In Nazis of Copley Square, Charles R. Gallagher takes a searing look at the Christian Front, an American extremist group that weaponized Catholicism. The organization reached its height of popularity just before World War II. Much like Adolf Hitler’s Nazi regime, the group used fanatical beliefs to try to end the perceived global influence of Jews.
Gallagher details the key players of the Christian Front saga, and the sociopolitical factors that helped the movement to gain power. The Depression-era radio broadcasts of popular priest Father Charles Coughlin criticized the so-called “Judeo-Bolshevist” infiltration of American commerce, banking, media, and even the Roosevelt administration. Coughlin’s “coast-to-coast” audience also shared his outrage regarding anti-Christian atrocities committed during the Spanish Civil War, and during Russia’s Bolshevik Revolution.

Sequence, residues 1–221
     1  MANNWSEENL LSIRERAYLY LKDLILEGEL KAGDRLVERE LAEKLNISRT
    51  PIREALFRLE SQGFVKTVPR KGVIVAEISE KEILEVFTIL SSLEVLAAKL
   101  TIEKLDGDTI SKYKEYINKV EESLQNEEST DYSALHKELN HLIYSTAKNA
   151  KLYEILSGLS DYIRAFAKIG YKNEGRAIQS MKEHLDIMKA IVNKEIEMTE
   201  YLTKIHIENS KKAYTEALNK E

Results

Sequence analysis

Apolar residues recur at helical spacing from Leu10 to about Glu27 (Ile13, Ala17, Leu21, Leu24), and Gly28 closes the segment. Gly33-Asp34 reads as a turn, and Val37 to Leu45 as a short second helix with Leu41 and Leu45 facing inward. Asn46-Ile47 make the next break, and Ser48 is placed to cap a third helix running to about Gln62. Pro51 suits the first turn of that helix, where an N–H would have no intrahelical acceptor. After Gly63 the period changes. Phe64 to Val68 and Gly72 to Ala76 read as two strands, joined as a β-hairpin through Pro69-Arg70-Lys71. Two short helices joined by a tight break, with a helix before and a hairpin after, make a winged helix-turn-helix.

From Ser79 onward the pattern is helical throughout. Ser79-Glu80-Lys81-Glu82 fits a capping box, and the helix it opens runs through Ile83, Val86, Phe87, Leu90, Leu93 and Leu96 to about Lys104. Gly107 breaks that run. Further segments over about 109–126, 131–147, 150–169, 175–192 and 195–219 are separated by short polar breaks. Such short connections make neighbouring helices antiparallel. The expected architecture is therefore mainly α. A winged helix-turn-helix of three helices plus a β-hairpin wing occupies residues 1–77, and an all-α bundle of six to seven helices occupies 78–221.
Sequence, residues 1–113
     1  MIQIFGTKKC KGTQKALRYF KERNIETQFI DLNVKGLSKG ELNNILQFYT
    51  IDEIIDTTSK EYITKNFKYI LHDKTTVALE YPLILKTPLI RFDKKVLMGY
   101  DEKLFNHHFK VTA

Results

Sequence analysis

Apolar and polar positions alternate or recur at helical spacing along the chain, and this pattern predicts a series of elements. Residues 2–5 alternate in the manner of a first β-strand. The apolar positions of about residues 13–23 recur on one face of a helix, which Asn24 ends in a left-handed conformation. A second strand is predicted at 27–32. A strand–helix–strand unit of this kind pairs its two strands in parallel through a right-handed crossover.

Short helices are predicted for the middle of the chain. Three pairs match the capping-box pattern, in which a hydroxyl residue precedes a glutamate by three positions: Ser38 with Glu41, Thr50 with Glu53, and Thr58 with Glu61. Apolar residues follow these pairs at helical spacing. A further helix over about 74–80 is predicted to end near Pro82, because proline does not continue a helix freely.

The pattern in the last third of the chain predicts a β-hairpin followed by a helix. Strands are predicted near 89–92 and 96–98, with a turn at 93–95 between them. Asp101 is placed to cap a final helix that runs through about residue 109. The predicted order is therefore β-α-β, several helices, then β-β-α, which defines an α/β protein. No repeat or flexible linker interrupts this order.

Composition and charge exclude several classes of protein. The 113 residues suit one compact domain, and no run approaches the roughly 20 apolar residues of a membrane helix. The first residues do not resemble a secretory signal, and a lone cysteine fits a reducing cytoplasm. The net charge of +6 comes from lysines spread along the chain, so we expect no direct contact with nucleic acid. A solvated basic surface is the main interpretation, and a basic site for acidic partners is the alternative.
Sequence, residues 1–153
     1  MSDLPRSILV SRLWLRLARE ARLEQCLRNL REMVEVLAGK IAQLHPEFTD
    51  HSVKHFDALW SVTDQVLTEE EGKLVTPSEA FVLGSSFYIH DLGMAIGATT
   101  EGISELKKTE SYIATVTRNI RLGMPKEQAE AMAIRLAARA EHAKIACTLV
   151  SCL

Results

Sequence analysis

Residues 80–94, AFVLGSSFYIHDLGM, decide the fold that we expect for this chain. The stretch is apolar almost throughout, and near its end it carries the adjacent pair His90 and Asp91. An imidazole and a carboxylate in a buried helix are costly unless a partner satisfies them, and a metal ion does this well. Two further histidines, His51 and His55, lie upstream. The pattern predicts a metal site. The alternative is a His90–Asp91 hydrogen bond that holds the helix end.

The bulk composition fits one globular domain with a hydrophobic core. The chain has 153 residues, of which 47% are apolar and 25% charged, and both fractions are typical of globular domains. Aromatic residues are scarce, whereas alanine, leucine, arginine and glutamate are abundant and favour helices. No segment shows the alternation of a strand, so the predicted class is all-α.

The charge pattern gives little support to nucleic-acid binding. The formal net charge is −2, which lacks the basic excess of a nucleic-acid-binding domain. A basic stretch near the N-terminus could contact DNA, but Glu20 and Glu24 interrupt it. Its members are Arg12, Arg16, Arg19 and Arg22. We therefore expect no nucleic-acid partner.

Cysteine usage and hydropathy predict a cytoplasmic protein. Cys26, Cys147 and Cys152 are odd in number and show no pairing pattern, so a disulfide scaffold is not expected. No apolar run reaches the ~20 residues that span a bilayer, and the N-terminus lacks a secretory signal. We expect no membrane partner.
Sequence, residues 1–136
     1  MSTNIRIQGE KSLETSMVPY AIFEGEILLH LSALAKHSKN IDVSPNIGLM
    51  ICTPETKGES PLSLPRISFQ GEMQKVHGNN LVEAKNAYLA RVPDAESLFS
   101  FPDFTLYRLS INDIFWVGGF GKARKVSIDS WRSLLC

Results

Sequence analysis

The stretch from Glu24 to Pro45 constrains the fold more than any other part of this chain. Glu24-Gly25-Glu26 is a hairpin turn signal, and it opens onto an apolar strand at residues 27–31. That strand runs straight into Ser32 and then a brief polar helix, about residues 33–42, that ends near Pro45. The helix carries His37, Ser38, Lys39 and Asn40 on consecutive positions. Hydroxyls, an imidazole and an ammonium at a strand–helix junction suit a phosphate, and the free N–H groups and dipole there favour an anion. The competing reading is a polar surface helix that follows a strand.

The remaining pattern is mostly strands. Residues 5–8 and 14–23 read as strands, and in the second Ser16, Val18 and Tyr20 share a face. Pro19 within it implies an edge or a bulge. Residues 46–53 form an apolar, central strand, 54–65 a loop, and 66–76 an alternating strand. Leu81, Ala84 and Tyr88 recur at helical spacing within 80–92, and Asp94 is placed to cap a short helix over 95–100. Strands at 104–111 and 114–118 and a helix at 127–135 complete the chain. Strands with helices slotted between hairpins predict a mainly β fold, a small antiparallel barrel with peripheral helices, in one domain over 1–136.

Gallagher shows how Coughlin’s words galvanized the Christian Front. Militias were formed and seditious plans prepared by these “soldiers” for Jesus. Two of the most prominent Christian Front chapters were located in New York and Boston. Many members were Irish Catholics, who expressed further pro-Hitler support due to Britain’s prolonged occupation of Ireland. England had brutalized Ireland for centuries, they felt; therefore, Irish Americans should not have to fight as their wartime ally.
The book profiles Christian Front charismatics Francis Moran and John Cassidy, as well as Herbert Scholz, a Schutzstaffel (SS) officer who served as Boston’s German consul until 1941. Though he was welcomed to the city as a presumed “diplomat from a neutral power,” the book shows that Scholz was an insidious spy. And there was liberal Boston Catholic Frances Sweeney, who, disgusted by the Christian Front’s fervent, often violent antisemitism, worked to counteract the movement through the patriotic Irish American Defense Association.
With historical complexity and suspenseful intrigue, Nazis of Copley Square reveals one of America’s secret and most disturbing domestic enemies.
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